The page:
Russet mite, Aceria anthocoptes is found on the invasive weed Cirsium arvense, the Canada thistle, across the world. It may be usable as a biological pest control agent for this weed.[14]

Mites occupy a wide range of ecological niches. For example, Oribatida mites are important decomposers in many habitats. They eat a wide variety of material including living and dead plant and fungal material, lichens and carrion; some are predatory, though no oribatid mites are parasitic.[15] Mites are among the most diverse and successful of all invertebrate groups. They have exploited a wide array of habitats, and because of their small size go largely unnoticed. They are found in fresh and salt water, in the soil, in forests, pastures, agricultural crops, ornamental plants, thermal springs and caves. They inhabit organic debris of all kinds and are extremely numerous in leaf litter. They feed on animals, plants and fungi and some are parasites of plants and animals.[16] Some 48,200 species of mites have been described,[17] but there may be a million or more species as yet undescribed.[11] The tropical species Archegozetes longisetosus is one of the strongest animals in the world, relative to its mass (100 ?g): It lifts up to 1,182 times its own weight, over five times more than would be expected of such a minute animal.[18] A mite also holds a speed record: for its length, Paratarsotomus macropalpis is the fastest animal on Earth.[19][20]


Many mites are parasitic on plants and animals. One family of mites, Pyroglyphidae, or nest mites, live primarily in the nests of birds and animals. These mites are largely parasitic and consume blood, skin and keratin. Dust mites, which feed mostly on dead skin and hair shed from humans instead of consuming them from the organism directly, evolved from these parasitic ancestors.[21]

Parasitic mites sometimes infest insects. Varroa destructor attaches to the body of honey bees, and Acarapis woodi (family Tarsonemidae) lives in their tracheae. Hundreds of species are associated with other bees, mostly poorly described. They attach to bees in a variety of ways. For example, Trigona corvina workers have been found with mites attached to the outer face of their hind tibiae.[22] Some are thought to be parasites, while others are beneficial symbionts. Mites also parasitize some ant species, such as Eciton burchellii.[23]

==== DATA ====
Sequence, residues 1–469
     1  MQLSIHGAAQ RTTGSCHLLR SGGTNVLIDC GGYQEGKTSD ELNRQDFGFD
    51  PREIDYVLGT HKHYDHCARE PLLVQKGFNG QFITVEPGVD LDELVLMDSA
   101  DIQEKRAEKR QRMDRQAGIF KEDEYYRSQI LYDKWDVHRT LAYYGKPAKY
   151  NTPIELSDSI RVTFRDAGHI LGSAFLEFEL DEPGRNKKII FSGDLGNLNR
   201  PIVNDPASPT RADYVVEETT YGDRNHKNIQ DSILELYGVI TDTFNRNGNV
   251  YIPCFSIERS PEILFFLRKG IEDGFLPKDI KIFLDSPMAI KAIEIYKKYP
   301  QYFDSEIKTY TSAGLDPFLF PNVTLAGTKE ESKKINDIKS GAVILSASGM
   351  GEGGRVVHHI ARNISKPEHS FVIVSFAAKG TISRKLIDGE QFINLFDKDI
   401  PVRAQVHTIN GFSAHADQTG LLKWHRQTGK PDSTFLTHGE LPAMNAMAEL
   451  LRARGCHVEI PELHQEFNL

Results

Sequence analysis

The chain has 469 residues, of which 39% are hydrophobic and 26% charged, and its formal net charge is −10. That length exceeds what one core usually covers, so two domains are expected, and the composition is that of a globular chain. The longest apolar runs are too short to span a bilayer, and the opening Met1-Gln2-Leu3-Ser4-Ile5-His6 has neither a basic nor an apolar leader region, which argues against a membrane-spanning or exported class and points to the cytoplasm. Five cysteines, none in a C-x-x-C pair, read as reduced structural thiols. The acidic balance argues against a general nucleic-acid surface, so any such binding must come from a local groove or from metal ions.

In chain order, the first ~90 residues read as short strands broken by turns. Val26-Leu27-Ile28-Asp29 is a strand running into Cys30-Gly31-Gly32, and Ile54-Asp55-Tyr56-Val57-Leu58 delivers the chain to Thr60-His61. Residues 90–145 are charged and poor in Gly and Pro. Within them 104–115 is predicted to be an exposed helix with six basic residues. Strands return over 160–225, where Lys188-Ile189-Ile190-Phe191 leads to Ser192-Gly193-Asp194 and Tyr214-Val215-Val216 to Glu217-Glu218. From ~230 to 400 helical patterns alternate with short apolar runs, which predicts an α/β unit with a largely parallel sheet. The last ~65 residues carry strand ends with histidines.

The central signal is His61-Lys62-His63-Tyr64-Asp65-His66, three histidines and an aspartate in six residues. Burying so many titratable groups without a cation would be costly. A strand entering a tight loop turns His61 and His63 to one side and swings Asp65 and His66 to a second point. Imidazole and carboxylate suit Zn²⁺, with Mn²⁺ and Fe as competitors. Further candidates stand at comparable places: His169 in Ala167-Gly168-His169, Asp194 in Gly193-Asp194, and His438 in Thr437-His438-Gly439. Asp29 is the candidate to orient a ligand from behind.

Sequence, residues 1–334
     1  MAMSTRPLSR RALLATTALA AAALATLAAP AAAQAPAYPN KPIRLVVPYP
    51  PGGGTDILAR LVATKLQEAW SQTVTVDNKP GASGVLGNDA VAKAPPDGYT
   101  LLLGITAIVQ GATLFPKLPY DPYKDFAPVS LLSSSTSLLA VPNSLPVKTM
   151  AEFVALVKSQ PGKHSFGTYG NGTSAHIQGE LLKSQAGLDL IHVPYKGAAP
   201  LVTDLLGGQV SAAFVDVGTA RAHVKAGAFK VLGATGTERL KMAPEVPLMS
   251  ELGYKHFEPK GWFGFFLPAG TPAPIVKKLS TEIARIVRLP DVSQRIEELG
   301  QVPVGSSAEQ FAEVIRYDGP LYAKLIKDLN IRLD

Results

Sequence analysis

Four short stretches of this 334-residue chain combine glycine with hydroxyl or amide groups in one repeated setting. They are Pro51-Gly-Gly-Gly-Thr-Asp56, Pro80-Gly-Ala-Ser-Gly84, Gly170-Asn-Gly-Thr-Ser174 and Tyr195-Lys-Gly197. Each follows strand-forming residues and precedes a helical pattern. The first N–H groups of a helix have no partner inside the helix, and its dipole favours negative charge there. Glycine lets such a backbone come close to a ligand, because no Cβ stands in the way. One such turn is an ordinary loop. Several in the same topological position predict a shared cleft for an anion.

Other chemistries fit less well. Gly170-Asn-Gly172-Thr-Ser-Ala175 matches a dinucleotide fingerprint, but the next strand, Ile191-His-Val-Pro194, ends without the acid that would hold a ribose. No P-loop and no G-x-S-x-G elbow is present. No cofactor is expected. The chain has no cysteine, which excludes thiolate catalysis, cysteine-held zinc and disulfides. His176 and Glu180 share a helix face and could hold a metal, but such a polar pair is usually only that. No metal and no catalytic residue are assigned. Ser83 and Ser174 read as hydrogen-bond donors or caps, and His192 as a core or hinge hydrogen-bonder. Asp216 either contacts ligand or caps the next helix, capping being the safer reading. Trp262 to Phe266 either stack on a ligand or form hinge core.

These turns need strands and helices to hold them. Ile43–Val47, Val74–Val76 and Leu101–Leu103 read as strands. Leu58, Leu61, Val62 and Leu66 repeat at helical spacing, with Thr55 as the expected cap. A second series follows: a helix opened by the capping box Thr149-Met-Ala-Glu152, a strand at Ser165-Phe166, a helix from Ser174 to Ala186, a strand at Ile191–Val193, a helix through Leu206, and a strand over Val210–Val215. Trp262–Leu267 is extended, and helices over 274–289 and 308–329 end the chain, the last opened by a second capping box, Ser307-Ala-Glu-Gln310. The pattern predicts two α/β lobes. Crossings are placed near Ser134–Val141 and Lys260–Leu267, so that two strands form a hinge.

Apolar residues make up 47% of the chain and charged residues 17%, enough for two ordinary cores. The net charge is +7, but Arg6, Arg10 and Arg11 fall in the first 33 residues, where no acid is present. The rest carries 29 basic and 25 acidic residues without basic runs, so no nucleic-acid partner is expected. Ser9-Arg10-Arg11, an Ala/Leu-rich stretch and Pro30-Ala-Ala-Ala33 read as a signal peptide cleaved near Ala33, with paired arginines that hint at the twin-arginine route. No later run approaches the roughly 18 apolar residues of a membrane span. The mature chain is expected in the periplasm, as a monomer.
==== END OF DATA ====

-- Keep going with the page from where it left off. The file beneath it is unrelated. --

Lime nail galls on Tilia × europaea, caused by the mite Eriophyes tiliae

Plant pests include the so-called spider mites (family Tetranychidae), thread-footed mites (family Tarsonemidae), and the gall mites (family Eriophyidae).[24] Among the species that attack animals are members of the sarcoptic mange mites (family Sarcoptidae), which burrow under the skin. Demodex mites (family Demodicidae) are parasites that live in or near the hair follicles of mammals, including humans.[25]


Being unable to fly, mites need some other means of dispersal. On a small scale, walking is used to access other suitable locations in the immediate vicinity. Some species mount to a high point and adopt a dispersal posture and get carried away by the wind, while others waft a thread of silk aloft to balloon to a new position.[26]

Parasitic mites use their hosts to disperse, and spread from host to host by direct contact. Another strategy is phoresy; the mite, often equipped with suitable claspers or suckers, grips onto an insect or other animal, and gets transported to another place. A phoretic mite is just a hitch-hiker and does not feed during the time it is carried by its temporary host. These travelling mites are mostly species that reproduce rapidly and are quick to colonise new habitats.[26]

Relationship with humans

Public health worker Stefania Lanzia using a soft toy scabies mite to publicise scabies, an often overlooked condition especially among the elderly.